Colorado Springs News, Sports & Business

MONEY & THE LAW: Real estate brokers can be sued, but winning is another matter

By Jim Flynn - Published: September 22, 2013

The Colorado Supreme Court confirmed in Gibbons v. Ludlow that real estate brokers can be sued for malpractice. But the court's opinion made clear that a successful malpractice action against a real estate broker is a hard row to hoe.

In Gibbons, the plaintiffs (sellers) wanted to sell 131 acres of undeveloped land in Boulder County. In 2000, they listed the property with the defendants (brokers). The sellers rejected several offers over the next seven years.

Finally, in 2007, a buyer proposed an acceptable selling price for 49.2 acres, but only if the property was in developed condition, meaning the installation of utilities, roads, drainage facilities and the like.

And, tucked away in the contract was a provision that the buyer would, at closing, receive a credit against the purchase price for the cost of this development work if the sellers had not performed the work prior to closing.

Well, by closing, the work had not been done, and the credit turned out to be $1. 6 million - nearly 25 percent of the $6.5 million purchase price. By then, the transaction was a legal obligation. The sellers, however, immediately took the position that the brokers had breached a professional duty.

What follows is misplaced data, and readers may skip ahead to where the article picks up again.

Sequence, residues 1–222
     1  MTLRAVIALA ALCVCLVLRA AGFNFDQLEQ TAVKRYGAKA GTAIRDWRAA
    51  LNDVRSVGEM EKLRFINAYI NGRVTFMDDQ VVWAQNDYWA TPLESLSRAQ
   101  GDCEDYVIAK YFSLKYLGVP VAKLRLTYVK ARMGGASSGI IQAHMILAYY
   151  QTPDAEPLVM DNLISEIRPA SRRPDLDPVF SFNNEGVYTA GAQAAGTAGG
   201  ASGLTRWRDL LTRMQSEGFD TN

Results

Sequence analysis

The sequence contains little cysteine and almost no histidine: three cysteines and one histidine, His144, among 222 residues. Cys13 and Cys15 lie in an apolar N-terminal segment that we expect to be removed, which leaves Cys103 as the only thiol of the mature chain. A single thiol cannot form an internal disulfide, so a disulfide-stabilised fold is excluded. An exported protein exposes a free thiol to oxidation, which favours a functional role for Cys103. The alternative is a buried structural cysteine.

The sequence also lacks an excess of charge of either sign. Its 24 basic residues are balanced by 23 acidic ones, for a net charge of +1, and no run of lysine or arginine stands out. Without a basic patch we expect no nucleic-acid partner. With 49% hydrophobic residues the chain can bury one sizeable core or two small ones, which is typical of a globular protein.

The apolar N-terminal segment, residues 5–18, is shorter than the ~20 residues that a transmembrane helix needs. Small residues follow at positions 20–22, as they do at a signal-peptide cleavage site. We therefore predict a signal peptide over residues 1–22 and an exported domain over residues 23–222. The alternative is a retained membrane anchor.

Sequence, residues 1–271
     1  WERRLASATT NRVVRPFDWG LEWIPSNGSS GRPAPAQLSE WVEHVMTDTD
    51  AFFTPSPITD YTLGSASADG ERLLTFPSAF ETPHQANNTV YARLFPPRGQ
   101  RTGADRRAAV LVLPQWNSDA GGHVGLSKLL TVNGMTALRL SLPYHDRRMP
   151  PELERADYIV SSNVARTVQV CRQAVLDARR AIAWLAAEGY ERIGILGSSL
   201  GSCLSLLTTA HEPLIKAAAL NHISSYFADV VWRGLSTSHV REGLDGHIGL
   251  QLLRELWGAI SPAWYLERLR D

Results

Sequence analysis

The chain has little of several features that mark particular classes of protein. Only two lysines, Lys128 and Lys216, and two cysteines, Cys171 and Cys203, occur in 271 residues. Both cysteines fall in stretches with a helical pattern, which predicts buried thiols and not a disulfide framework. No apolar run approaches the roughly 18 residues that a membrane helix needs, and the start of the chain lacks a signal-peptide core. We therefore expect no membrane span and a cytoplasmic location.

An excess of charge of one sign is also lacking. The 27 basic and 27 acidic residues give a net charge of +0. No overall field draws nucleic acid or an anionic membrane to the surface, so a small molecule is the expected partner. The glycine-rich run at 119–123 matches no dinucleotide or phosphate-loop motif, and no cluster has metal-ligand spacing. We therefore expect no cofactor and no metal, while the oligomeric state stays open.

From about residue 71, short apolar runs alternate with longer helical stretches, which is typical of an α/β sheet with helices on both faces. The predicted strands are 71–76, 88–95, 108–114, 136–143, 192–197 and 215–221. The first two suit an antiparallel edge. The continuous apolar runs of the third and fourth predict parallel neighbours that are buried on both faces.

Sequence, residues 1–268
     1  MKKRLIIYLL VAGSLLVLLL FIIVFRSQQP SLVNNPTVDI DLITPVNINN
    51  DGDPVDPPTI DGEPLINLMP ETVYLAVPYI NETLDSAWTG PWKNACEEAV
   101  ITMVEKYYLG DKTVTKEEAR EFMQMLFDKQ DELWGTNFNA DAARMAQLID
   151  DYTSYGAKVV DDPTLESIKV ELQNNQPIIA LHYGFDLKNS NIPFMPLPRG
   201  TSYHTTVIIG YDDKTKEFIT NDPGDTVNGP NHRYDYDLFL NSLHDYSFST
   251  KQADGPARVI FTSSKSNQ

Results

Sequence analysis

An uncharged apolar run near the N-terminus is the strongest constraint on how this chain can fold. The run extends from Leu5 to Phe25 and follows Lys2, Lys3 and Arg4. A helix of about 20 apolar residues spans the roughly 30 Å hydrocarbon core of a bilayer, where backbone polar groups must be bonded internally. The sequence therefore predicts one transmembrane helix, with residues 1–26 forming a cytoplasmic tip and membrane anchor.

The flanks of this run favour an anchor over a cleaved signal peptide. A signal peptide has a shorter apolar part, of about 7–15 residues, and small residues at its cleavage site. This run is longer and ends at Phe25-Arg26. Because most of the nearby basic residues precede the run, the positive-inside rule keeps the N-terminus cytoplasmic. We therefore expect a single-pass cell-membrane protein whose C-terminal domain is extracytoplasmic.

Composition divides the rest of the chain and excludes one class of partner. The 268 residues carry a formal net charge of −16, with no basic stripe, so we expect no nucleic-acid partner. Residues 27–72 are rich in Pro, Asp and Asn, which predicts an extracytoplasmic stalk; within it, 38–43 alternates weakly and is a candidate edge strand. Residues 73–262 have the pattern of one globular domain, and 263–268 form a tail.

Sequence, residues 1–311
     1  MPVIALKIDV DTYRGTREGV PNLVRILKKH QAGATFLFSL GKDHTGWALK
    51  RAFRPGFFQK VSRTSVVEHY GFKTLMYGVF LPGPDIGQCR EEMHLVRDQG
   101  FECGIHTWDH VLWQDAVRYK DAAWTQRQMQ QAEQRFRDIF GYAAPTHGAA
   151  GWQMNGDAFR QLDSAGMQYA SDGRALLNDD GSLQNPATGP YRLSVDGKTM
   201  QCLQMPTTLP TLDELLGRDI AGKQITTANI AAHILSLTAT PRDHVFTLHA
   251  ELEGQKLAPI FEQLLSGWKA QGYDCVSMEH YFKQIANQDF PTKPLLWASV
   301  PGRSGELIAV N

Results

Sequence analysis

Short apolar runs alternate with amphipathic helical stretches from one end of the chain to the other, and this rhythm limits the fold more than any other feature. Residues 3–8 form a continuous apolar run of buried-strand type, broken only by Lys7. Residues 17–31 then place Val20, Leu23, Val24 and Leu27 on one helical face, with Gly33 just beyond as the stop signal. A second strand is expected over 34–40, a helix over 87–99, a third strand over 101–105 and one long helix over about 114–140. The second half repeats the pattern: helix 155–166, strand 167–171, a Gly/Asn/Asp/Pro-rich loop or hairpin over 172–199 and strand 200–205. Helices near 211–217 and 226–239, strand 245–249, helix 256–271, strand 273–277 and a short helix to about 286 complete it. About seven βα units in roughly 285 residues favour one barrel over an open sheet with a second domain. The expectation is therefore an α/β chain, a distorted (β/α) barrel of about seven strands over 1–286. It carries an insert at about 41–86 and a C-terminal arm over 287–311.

The sellers said the brokers' negligence caused them to sell their property for far less than it was worth and sued to make up the difference.

Although the brokers could have argued about liability, they instead asked for dismissal on the premise that no damage could be proven.

The trial court judge agreed and dismissed the case. The Colorado Court of Appeals disagreed and reinstated the case. The Supreme Court, with three justices dissenting, sided with the trial court judge and ordered the case dismissed.

The buyer testified in a deposition that the property wasn't worth $6.5 million and, but for the $1.6 million credit, he never would have purchased the property. The sellers, for their part, couldn't prove anyone willing to pay more was waiting in the wings.

The specific ruling of the Supreme Court said a real estate malpractice claim must show that, but for the alleged negligent acts of the broker, the plaintiff either "(1) would have been able to obtain a better deal in the underlying transaction: or (2) would have been better off by walking away from the underlying transaction." In this case, the sellers could show neither.

As a real estate broker I know regularly point out, sellers always think their property is worth more than buyers are willing to pay. She then usually adds: "And people in hell want ice water."

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Private attorney Jim Flynn is with Flynn Wright & Fredman LLC. Email moneylaw@jtflynn.com.

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